John worked to organize Taylor County, signing bonds for the first officers. He wanted Buffalo Gap to be the county seat, and it was at first, but the railroad came through north of Buffalo Gap at a site which later became Abilene and the county seat was moved there. John was very disappointed that Buffalo Gap did not become the county seat, and because of this, he soon moved his family to Kimble County, where he is listed at Junction in the 1880 census.
West Texas, then as now, is a desolate place. Until the discovery of oil at the turn of the century, it was a hard place to make a living. The Griffith family must have felt very much like the Israelites of Exodus. “Major” Ellis Ringold Griffith became a Texas Ranger, now charged with enforcing the laws he and his brothers had scorned just a few years before. “Major” Griffith is my great-great-grandfather. His DNA, and his Frontier Battalion spirit, is in me.
I think most Texans of Caucasian descent would tell a similar story. Texas Exceptionalism is a subset of American Exceptionalism.
Until the 1960s, Texas was Democratic. The Republicans represented the hated carpetbaggers and Federal marshals. The Democrats represented insurgency and anti-establishmentarianism. My first political contribution was a nickel sent to help President Lyndon Johnson with his 1964 re-election campaign. (The 1964 election split my household. My dad was a Goldwater Republican and my mom, a Johnson Democrat.) Then Johnson advanced the civil rights and Great Society programs started by his assassinated predecessor. Legend has it that as President Johnson signed the 1964 Civil Rights Act, he said to aide Bill Moyers, “We’ve just lost the South for a generation.”
It has taken the Democrats much longer than that, now three generations and counting, to regain Texas — if they regain it at all.
Tom DeLay and his Texas protegés invented the modern gerrymander, calling for a redistricting (legal but highly a-traditional) between census years when the Republicans took control of the Texas Legislature in 2003. The case fighting this mid-decade redistricting went all the way to the Supreme Court, where Solicitor General Ted Cruz argued for the redistricting plan:
The Texas Legislature acted because in their judgment Texas deserved a map where the majority of the voters could elect a majority of the congressional delegation. And that’s exactly what happened under the plan passed in 2003.
The case, League of United Latin American Citizens (LULAC) v. Perry, was decided in 2006 by what one analyst called at the time “a 2–3-4 decision”. A deeply divided Court refused to strike down the Texas redistricting plan on the basis of partisan gerrymandering (which it clearly was), holding partisan gerrymandering A-OK Constitutionally, while invalidating one district based on the grounds that it was a violation of the Voting Rights Act.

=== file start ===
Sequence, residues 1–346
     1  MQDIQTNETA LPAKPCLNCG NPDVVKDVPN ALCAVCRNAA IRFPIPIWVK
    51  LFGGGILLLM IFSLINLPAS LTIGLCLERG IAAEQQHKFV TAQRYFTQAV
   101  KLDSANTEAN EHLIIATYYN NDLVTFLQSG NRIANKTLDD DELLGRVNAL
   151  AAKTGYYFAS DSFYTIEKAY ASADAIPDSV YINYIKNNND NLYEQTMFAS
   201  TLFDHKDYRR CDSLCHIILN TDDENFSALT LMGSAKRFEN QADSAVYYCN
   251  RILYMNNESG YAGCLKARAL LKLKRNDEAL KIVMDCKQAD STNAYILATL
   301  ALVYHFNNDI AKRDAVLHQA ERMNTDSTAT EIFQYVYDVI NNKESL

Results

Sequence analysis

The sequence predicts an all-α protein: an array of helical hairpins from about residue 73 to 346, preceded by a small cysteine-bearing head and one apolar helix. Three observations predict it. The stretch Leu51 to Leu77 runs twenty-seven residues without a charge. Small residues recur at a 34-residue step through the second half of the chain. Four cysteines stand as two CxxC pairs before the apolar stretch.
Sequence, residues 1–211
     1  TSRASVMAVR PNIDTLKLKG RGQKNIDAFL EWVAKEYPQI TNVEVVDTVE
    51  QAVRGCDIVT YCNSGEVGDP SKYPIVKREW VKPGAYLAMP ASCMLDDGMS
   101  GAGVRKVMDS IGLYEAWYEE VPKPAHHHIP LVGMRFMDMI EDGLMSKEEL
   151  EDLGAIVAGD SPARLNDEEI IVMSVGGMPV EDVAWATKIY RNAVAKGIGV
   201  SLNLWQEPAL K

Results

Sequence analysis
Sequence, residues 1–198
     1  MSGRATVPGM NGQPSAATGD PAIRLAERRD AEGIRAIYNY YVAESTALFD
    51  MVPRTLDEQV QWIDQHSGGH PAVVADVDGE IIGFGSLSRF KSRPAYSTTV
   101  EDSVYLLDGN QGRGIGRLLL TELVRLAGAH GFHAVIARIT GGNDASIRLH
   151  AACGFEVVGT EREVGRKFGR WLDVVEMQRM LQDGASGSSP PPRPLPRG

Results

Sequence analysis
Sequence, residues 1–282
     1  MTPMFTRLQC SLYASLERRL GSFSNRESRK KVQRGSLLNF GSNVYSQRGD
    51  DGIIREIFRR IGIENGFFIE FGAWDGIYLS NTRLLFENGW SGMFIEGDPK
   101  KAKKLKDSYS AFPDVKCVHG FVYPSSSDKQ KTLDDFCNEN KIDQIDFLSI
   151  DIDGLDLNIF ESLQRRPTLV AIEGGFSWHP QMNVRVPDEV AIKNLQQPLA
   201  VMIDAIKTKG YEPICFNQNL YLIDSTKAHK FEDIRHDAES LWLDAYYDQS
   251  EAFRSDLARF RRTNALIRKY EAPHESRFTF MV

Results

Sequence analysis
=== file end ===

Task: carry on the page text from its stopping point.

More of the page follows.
Now it’s six years later, and Senator Kay Bailey Hutchison is retiring. (One might chalk her retirement up to another Republican Senator tired of partisan bickering in Washington, as Michael wrote earlier this week.) Her chosen successor, also supported by the Republican establishment and Governor Rick Perry, is Lieutenant Governor David Dewhurst.
Cruz defeated Dewhurst soundly, by a whopping 14 percentage points, 57–43. He now faces Democratic sacrificial lamb Paul Sadler in the general election November 6. Cruz leads Sadler by 10 points, 44–34, in what few polls we currently have. With that huge undecided percentage, and the primaries of both parties just concluded, no doubt more polling will focus on the Cruz/Sadler race.
Will Cruz crash and burn, as did the Tea Party candidates Sharron Angle, Christine O’Donnell, and Joe Buck did in the Tea Party-friendly 2010 election? Cruz, like Angle, O’Donnell, and Buck, was endorsed by Sarah Palin. Cruz can bring plenty of crazy to the table: he believes in the Agenda 21 conspiracy theory which I wrote about previously and which has now, post-Aurora theatre shooting, morphed into an U.N. plot to take away American guns. He’s already amassed a record of three “mostly true” statements, two “false” and two “Pants on Fire” statements on PolitiFact, while his opponent Sadler has a two “true” and two “mostly true” record.
Is he crazy enough to lose this election in a Cook Partisan Voting Index R+10 state? (Interestingly, Texas is tied with North Dakota as the ninth-most-Republican state in the PVI rankings, and Democrat Heidi Heitkamp is close to Republican Rick Berg in non-Rasmussen polls.)
Can Texas elect its first Democratic Senator since Lloyd Bentsen was elected to his last term in 1988?
When, if ever, will Texas turn from red to purple or blue?
- Will the UN Small Arms Treaty Finally Move Texas to Secede? (thelonestarwatchdog.com)
- James Moore: Crazy Down in Texas (huffingtonpost.com)
- Tea Party favourite Ted Cruz scores win over Rick Perry-backed David Dewhurst in Texas Senate primary (news.nationalpost.com)
- We’re Back!!! Hey, Who Ever Left? Ted Cruz Wins Texas Senate Primary In A Victory For Tea Party (tarpon.wordpress.com)
- Cruz downs Dewhurst in bruising race (kxan.com)
- Ted Cruz Trounces GOP Establishment Favorite David Dewhurst In TX Primary (thegatewaypundit.com)
- TEA Party candidate defeats RINO in Texas! (fellowshipofminds.wordpress.com)
- Move over, Rubio: Cruz’s star rises (politico.com)
- Tea Party hoping for upset in Texas Republican Senate runoff (reuters.com)